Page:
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Life As An Older Volunteer

June 10, 2013

I recently posted this on a Facebook page for future volunteers 50+ and thought you might find in informative as well.

Q:  For all of us PC hopefuls, can any of you current or returned Peace Corps Volunteers  give any advice or suggestions, especially for “older” volunteers to make our PC experience the best it can be?

A. They say that everything changes once you’ve been at site for a year. For me that’s been so true. With increased language ability and the credibility that comes with time, both the people in my village and those working on the PC staff seem to trust me more. And with trust has come more real conversation and brainstorming of ideas.

So here’s my take on being an older volunteer in the Peace Corps:

1) The PCs going to treat you like a 20 year old and micro-manage everything you do. You’ll face more rules, regulations and yes, scoldings than you’ve received since you were 20. So get over it.  A twenty year-old need rules and in fairness, those  rules need to apply to everyone.  So, make it easy on yourself.  Just  smile and say, “Okay, I’m sorry.”

2) Life will be so much easier as an older volunteer. People in your host country will treat you with the respect and dignity you deserve and will seek your wisdom, through talk and observation. After a while, you won’t want to return home and face a life feeling irrelevant.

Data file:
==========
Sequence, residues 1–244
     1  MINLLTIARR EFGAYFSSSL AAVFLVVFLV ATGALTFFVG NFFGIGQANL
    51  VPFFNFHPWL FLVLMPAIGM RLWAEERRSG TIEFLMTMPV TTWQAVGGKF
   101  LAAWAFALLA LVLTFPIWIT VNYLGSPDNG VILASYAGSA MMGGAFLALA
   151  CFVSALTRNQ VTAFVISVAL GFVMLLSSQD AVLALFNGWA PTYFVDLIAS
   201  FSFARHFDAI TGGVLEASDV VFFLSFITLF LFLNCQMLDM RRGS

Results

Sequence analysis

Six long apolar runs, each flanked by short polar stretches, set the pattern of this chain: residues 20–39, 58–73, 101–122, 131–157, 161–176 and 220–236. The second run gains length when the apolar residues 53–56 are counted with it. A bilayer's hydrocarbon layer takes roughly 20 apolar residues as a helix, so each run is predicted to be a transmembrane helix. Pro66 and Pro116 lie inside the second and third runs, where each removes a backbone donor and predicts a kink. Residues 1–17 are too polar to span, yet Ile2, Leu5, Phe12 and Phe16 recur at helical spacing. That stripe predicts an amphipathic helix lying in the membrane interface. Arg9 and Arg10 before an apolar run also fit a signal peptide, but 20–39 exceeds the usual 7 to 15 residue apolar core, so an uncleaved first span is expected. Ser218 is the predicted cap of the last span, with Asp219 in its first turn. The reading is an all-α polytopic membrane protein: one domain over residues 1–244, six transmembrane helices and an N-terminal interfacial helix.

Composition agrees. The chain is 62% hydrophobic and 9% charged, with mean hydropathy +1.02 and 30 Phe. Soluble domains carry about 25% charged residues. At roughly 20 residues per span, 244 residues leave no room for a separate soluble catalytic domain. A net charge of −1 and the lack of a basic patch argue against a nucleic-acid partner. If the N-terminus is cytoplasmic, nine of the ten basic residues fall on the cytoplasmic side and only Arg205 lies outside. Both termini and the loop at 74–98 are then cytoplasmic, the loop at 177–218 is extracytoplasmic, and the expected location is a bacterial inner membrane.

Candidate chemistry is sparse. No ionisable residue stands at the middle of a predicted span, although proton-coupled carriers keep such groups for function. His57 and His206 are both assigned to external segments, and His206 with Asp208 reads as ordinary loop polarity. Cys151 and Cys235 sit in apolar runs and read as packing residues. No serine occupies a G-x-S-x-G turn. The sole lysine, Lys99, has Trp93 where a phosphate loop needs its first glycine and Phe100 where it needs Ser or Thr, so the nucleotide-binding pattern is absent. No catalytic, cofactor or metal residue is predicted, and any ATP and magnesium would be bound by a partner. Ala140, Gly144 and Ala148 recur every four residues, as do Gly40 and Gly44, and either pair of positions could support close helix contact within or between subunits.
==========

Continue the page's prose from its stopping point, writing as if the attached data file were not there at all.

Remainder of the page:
3) Young people in their twentys grow up fast in the Peace Corps and those who got on your nerves in the beginning will at some point in your service, become your good friends.

4) Your friends back home will live vicariously through your posts and blogs. You’ll become well-known among people you’ve never met and the subject of any number of dinner conversations.  Your name will be brought up in a whole bunch of new ways such as,  “If you don’t pay more attention to me, I’m going off to join _(your name)_____ in the Peace Corps!”

5) Though they might be initially unhappy with your decision to serve, your kids will become proud of you and if nothing else, they’ll have stories and pictures to show their kids about the time when Grandma lived in a grass hut and helped people. and finally,

6) Life is tough in the Peace Corps even in a place like rural Thailand, considered to be the “posh corps.” You’ll sleep on a mattress harder than a terrazzo floor, pick bugs from your nose and your toothbrush, curse your neighbors who party loud enough to make your teeth rattle  and plot the destruction your community’s stray dogs who bark all night and then chase you on your run the next morning.

But hey, you’ve lived through mortgage payments, job losses, child birth and raising teens. How bad could it really get, right?

2 Comments leave one →
  1. Karen Kropp permalink
    June 10, 2013 1:57 pm

    Kathleen:
    You are once again demonstrating how ioncrediblily wonderful you are. YOu are also a excellent writer. I can’t wait to read your book on your adventures whenever you decide to finish your tour(s) with the PC
    Karen Kropp

  2. Anonymous permalink
    June 11, 2013 8:32 pm

    Kathleen, yes I do live vicariously through your posts and blogs. You are such a wonderful and interesting writer. Because of you, I am more familiar with the Peace Corps and Thailand.

    I certainly could not do what you are doing. So, you certainly won’t get any advice from me. It is nice to see you are enjoying yourself so much in your assignment while making a contribution to world peace and understanding.

    Frank Mutz
    Atlanta, GA

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